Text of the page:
In a preferred embodiment, exit ports 80 are pierced through the housing 12 prior to the application of the covering 24. This eliminates damage to the covering 24 and prevents damage to the airbag curtain from exposed wire ends. It will be appreciated by those of skill in the art that the wire braid covering 24 acts as a heat sink to cool the inflation fluid as it exits the inflator 10. Thus, the present invention reduces possible burn damage to vehicle passengers who come into contact with the inflated airbag. Other known materials with heat sink properties may be used for the covering 24, including ceramics, graphite, and other composite materials. The wire braid covering 24 also functions to filter out particulates that may be by-products of the combustion reaction. These particulates may cause damage to the airbag curtain being inflated by the inflator 10, if allowed to pass out of the inflator 10.

The initiator 52 ruptures the membrane 60 and directly lights the gas generating or combustible material 36. Inflation fluid forces the membrane 60 over the exit ports 80 in the corrugated housing 12, and the inflation fluid bursts through the membrane 60 at a predetermined breakout pressure. The breakout pressure is determined in part by the thickness and tensile strength of the membrane 60 selected, and the type of combustible material 36 used.

Referring now to FIG. 3, an alternative inflator embodiment of the present invention is generally designated as 110. The inflator 110 includes a corrugated cylindrical housing 112 having a first end 114 and a second end 116. The housing 112 defines openings 118 defined by each end 114, 116. The openings 118 are configured to received a first end cap 120 adjacent the first end 114 of the housing 112, and a second end cap 122 adjacent the second end 116 of the housing 112. The housing 112 may includes a suitable covering 124 positioned about the housing 112 which assists in maintaining the inflator as a pressure vessel and may also act as a heat sink. In the embodiment illustrated, the covering 124 is wire mesh. The covering 124 has a first end 126 and a second end 128.

The end caps 120, 122 are each attached to the housing 112 and covering 124 with a weld ring 140. The end caps 120, 122 each contain a stop portion 132 positioned within each end 114, 116 of the housing 112. An outer end 138 of each end cap 120, 122 includes an annular extension 154. The respective ends 114, 116 of the housing 112, the respective ends 126, 128 of the covering 124, and each weld ring 140, are positioned adjacent the extension 154 of each end cap 120, 122 and welded together at a weld point 156. In one embodiment, the weld ring 140, housing 112, and covering 124 are welded together for a first weld. The end caps 120, 122, one of which may contain an initiator 152 for igniting combustible material 136, are then welded to the first weld in a subsequent step.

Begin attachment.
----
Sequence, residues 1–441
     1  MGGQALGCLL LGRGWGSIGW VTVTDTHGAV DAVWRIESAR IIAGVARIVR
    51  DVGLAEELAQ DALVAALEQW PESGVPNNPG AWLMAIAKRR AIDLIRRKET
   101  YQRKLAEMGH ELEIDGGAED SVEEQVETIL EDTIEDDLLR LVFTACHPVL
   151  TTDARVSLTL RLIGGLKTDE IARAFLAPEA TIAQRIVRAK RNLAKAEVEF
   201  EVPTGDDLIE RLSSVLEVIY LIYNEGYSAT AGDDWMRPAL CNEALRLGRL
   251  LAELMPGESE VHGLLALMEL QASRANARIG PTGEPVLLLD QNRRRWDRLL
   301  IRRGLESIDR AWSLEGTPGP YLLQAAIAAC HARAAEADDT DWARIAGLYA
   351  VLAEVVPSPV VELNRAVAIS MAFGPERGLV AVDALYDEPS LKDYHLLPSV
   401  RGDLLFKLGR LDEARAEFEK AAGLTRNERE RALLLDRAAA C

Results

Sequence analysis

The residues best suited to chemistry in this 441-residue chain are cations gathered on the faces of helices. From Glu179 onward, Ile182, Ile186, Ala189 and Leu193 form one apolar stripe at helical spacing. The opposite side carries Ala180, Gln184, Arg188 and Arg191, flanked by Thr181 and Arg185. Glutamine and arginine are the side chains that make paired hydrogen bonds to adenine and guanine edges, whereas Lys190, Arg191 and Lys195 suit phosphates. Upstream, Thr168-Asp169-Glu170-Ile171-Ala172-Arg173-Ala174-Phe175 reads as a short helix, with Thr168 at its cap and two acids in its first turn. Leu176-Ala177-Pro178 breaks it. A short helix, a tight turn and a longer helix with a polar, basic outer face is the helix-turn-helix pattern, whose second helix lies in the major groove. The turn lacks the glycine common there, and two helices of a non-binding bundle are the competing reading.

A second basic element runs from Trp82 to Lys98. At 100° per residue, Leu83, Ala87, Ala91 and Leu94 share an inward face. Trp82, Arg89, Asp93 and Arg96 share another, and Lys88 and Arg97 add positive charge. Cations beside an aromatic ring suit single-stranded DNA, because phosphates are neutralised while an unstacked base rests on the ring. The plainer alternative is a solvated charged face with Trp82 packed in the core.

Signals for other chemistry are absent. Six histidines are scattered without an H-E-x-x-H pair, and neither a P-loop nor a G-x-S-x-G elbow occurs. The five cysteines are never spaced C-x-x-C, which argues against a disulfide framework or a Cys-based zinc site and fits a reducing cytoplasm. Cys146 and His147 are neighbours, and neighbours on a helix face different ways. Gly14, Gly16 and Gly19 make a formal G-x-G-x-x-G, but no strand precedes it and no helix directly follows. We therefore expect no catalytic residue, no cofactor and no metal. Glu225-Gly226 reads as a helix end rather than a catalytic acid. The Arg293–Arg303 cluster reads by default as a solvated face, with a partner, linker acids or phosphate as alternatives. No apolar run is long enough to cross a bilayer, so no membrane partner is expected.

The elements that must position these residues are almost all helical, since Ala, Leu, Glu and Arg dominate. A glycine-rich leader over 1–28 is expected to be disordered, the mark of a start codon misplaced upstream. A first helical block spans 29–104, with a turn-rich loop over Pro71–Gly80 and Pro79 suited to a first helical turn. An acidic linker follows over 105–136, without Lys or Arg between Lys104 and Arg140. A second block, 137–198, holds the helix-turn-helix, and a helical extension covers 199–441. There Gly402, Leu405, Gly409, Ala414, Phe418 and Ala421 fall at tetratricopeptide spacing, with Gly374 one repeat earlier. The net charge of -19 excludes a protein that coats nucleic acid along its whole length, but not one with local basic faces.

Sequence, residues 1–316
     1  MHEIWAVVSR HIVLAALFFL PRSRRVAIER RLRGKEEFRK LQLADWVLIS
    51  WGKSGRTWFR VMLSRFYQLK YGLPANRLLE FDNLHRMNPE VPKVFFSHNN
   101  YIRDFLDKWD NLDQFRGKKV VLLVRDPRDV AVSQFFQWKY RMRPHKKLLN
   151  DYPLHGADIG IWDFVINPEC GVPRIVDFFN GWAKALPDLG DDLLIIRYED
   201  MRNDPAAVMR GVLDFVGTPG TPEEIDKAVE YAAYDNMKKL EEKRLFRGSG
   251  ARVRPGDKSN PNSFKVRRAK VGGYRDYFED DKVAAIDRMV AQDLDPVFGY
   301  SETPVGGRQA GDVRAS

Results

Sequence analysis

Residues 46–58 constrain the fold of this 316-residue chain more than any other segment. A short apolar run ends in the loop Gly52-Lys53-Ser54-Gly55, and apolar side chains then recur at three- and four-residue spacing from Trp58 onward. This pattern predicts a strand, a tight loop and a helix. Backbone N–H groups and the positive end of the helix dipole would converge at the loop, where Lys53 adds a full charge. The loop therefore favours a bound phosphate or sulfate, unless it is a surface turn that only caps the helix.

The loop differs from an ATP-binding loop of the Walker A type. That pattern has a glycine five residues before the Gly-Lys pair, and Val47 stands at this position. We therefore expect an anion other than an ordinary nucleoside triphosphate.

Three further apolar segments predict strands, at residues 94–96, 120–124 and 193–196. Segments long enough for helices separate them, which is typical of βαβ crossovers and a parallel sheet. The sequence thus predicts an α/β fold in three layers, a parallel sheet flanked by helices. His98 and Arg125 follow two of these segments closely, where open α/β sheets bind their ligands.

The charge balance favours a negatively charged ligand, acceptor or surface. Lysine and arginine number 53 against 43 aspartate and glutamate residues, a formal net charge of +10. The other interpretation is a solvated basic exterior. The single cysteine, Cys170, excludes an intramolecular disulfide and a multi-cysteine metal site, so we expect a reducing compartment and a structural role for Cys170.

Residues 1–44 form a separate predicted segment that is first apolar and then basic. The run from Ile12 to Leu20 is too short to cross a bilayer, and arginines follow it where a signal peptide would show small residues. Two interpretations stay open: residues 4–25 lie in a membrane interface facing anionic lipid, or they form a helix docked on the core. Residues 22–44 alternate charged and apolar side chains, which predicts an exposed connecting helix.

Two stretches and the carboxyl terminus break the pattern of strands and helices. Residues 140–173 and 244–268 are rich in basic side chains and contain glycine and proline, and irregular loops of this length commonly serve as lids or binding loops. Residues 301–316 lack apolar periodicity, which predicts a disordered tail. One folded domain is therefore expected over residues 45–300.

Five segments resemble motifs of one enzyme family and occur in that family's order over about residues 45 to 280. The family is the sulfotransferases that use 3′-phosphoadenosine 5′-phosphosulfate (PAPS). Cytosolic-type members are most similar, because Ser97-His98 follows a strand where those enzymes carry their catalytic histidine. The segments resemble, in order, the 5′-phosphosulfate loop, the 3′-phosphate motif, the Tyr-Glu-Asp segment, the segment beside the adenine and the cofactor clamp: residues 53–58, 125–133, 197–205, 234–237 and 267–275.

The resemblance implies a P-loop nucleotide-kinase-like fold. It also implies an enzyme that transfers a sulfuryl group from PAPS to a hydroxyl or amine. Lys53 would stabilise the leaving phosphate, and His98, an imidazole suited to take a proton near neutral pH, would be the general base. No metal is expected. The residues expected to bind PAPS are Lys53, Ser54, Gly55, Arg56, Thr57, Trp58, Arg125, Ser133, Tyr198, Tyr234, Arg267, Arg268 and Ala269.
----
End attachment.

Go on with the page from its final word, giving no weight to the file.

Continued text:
The combustible material 136 is capable of generating inflation fluid when heated, ignited or when a combustible reaction is otherwise started. In the embodiment illustrated, the combustible material 136 includes combustible solid fuel tablets coated with an ignition enhancer. The combustible material 136 or generant is preferably compressed to maximize space. The combustible material 136 is substantially enclosed by a membrane 160. The membrane 160 is positioned within the housing 112 and defines a combustion chamber 162 in which the combustible material 136 reacts to form inflation fluid. The membrane 160 is configured to expand and burst at a predetermined breakout pressure created by the inflation fluid, after the combustible material 136 is ignited.

The initiator 152 is in communication with the combustible material 136, for initiating a combustible reaction within the housing 112 and combustion chamber 162. The initiator 152 includes an electrical connector 168 for connection to a collision sensor (not shown) which provides a signal to activate the initiator 152 and thus the inflator 110. The initiator 152 is suitable for bursting through a bulkhead or membrane 160 to ignite the combustible material 136. Exit ports (not shown) are configured within the housing 112 to allow inflation fluid to exit the combustion chamber 162 and enter an airbag curtain (not shown).